Date of Award


Document Type


Degree Name

Doctor of Philosophy (PhD)


Civil and Environmental Engineering

First Advisor

Donald Dean Adrian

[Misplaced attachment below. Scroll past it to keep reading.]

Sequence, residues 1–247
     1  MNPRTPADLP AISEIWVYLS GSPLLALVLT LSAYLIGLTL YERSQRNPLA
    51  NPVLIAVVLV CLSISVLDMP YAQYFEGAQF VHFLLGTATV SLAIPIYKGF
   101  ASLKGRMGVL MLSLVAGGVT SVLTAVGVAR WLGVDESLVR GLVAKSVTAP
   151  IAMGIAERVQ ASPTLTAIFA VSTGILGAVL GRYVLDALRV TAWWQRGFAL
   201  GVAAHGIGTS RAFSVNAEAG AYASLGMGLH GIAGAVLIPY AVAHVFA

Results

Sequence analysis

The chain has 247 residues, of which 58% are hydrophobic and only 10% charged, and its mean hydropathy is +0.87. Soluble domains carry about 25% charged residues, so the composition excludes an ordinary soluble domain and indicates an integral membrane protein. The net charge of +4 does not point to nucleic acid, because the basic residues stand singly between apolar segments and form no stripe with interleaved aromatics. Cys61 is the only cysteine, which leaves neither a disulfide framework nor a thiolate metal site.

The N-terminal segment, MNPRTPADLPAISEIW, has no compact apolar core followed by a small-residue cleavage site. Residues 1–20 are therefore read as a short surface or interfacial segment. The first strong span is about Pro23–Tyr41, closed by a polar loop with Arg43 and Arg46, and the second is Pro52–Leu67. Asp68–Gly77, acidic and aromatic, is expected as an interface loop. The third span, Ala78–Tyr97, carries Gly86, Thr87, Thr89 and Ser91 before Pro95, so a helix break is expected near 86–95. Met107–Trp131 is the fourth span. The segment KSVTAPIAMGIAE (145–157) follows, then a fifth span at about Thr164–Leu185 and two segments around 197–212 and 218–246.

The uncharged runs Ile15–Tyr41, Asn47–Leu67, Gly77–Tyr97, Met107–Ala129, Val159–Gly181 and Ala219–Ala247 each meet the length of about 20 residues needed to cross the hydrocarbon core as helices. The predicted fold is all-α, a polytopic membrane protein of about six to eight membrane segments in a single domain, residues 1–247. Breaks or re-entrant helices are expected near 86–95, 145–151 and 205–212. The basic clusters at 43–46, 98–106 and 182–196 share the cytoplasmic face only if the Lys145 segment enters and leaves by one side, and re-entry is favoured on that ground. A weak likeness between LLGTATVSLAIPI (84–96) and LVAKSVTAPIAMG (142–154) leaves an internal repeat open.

Water quality impairment in many water bodies in the state of Louisiana is attributed to agricultural nonpoint sources of pollution. Many of these use-impaired streams have also been hydromodified to facilitate agricultural development, deepening and straightening the channels to form "stretch lakes". This dissertation evaluated the unique, and previously uncharacterized and unquantified ricefield loadings and their impacts on these dystrophic waterbodies in order to provide the Louisiana Department of Environmental Quality (LDEQ) with assessments of stream impacts from implementing altered cropping practices known as "best management practices" (BMPs). In order to produce an assessment of rice BMPs, this dissertation developed several unique tools: (1) Development of the LA reaeration equation and measurement of dispersion. Dispersive mixing was found to be significant in these low velocity, hydromodified streams, requiring the use of a dynamic model and necessitating the development of measurement techniques, and the development of empirical equations so that reaeration may be tied to the depth and velocity profiles found in the "stretch lakes". (2) Determination of SOD and mechanism of deoxygenation. The stream was found to have a dissolved oxygen (DO) deficit that is sediment oxygen demand (SOD)-driven and the bottom anoxia was shown to be heavily impacted from agricultural nutrients, sediments and organic material. The SOD determined during calibration far exceeded those found in the literature; values of 4.0 g-O2/m2/day in the rice receiving streams were not uncommon. (3) Characterization and quantification of ricefield discharge BMP and sediment flux pollutant loads. Oxygen-demanding pollutant loads (carbonaceous biochemical oxygen demand, CBOD and nitrogenous, NBOD) were quantified for headwater, ricefield BUT discharges and resuspended sediment fluxes throughout an annual cycle. CBOD in the sediment flux was also estimated to be as great as 4.0 g-O2/m2/day during critical low-flow. (4) Development of a conversion algorithm from TOC to CBODu. Characterizing the sediment fluxes and rice discharge constituents required the use of long-term BOD data that is rarely available in datasets. A conversion algorithm from total organic carbon (TOC) was, thus, developed for use as a surrogate for ultimate CBOD (CBODu).